Presentation Title

Base-catalyzed Synthesis of Indoles

Faculty Mentor

Jesus Cordova Guerrero

Start Date

23-11-2019 10:45 AM

End Date

23-11-2019 11:30 AM

Location

214

Session

poster 4

Type of Presentation

Poster

Subject Area

physical_mathematical_sciences

Abstract

Indoles are heterocyclic compounds that are commonly found in nature and play a significant biological role when isolated and combined with other compounds or organic molecules. This allows for diverse applications of indoles in drug synthesis, medicine, and pharmacology. The ability of indoles to inhibit tumor growth and block biological receptors by replicating the structure of an organism’s proteins makes them an ideal compound for the treatment of certain cancers, infectious diseases, and psychological disorders. There are already a variety of known methods to synthesize indoles, such as the Fischer synthesis or reduction of sp3 hybridized carbon-hydrogen bonds through the treatment of 0-nitrostyrenes with aqueous titanium chloride. However, these methods utilize toxic and dangerous starting materials.

The goal of this research is to determine an efficient synthesis of indoles in two steps using commercially available starting materials via a Suzuki coupling reaction followed by a base-catalyzed Michael Addition-oxidation. This process will represent an effective method for the synthesis of indoles and use less toxic starting materials than the currently used methods. Also, it could potentially reduce the cost of production for medications containing this functional group. Previously, a tetrahydrocarbazole derivative of the desired indole product was synthesized in two steps. A successful Suzuki coupling reaction between 2-phenylvinyl boronic acid and 2-iodoaniline was achieved in 94% yield. The resulting bicyclic molecule was subjected to several different cyclization conditions which consist of a base, solvent, and oxidizing agent. None of the cyclization conditions attempted were successful in creating the desired indole product. Future reactions will include a Suzuki coupling between 2-aminobenzene boronic acid and 3-bromo-4-ethoxy-1,1,1-trifluorobut-3-en-1-one to complete the indole synthesis in one step by combining the Suzuki coupling reaction with the Michael addition.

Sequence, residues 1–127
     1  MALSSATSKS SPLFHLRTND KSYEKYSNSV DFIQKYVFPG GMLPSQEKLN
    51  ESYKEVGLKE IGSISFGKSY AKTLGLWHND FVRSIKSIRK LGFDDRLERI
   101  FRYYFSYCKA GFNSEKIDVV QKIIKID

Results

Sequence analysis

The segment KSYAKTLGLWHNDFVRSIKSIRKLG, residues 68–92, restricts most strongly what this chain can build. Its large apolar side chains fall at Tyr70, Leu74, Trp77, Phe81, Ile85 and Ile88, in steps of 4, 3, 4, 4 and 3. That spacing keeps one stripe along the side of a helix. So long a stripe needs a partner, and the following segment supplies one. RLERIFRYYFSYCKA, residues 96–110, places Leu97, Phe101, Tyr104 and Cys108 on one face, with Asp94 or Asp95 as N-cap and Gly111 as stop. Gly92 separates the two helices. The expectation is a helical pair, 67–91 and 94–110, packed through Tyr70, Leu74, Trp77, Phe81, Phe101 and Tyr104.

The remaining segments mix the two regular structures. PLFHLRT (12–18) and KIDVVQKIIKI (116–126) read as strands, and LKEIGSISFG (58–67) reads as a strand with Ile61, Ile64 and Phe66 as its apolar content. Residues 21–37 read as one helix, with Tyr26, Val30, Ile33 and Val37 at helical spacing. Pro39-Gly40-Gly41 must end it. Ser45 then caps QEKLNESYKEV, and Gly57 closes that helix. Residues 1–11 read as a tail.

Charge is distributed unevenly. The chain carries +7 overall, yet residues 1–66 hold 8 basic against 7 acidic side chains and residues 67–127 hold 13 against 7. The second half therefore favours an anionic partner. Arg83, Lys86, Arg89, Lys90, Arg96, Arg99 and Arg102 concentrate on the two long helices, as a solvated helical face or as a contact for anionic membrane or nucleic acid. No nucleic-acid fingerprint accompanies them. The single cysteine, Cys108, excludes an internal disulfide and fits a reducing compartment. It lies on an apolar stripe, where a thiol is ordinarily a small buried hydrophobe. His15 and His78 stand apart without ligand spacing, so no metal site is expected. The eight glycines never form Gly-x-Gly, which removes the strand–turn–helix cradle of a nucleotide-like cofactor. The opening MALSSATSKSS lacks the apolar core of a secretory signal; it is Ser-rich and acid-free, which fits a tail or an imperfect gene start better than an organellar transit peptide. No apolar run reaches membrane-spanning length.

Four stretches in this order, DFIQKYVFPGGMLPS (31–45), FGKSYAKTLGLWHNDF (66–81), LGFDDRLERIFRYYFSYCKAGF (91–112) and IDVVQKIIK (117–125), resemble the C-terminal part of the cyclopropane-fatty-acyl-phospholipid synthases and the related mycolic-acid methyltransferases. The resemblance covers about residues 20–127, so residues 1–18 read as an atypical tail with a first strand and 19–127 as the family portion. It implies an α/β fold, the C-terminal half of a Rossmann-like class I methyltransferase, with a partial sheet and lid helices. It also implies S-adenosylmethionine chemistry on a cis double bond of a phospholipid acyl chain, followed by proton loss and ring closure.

This document is currently not available here.

Share

COinS
 
Nov 23rd, 10:45 AM Nov 23rd, 11:30 AM

Base-catalyzed Synthesis of Indoles

214

Indoles are heterocyclic compounds that are commonly found in nature and play a significant biological role when isolated and combined with other compounds or organic molecules. This allows for diverse applications of indoles in drug synthesis, medicine, and pharmacology. The ability of indoles to inhibit tumor growth and block biological receptors by replicating the structure of an organism’s proteins makes them an ideal compound for the treatment of certain cancers, infectious diseases, and psychological disorders. There are already a variety of known methods to synthesize indoles, such as the Fischer synthesis or reduction of sp3 hybridized carbon-hydrogen bonds through the treatment of 0-nitrostyrenes with aqueous titanium chloride. However, these methods utilize toxic and dangerous starting materials.

The goal of this research is to determine an efficient synthesis of indoles in two steps using commercially available starting materials via a Suzuki coupling reaction followed by a base-catalyzed Michael Addition-oxidation. This process will represent an effective method for the synthesis of indoles and use less toxic starting materials than the currently used methods. Also, it could potentially reduce the cost of production for medications containing this functional group. Previously, a tetrahydrocarbazole derivative of the desired indole product was synthesized in two steps. A successful Suzuki coupling reaction between 2-phenylvinyl boronic acid and 2-iodoaniline was achieved in 94% yield. The resulting bicyclic molecule was subjected to several different cyclization conditions which consist of a base, solvent, and oxidizing agent. None of the cyclization conditions attempted were successful in creating the desired indole product. Future reactions will include a Suzuki coupling between 2-aminobenzene boronic acid and 3-bromo-4-ethoxy-1,1,1-trifluorobut-3-en-1-one to complete the indole synthesis in one step by combining the Suzuki coupling reaction with the Michael addition.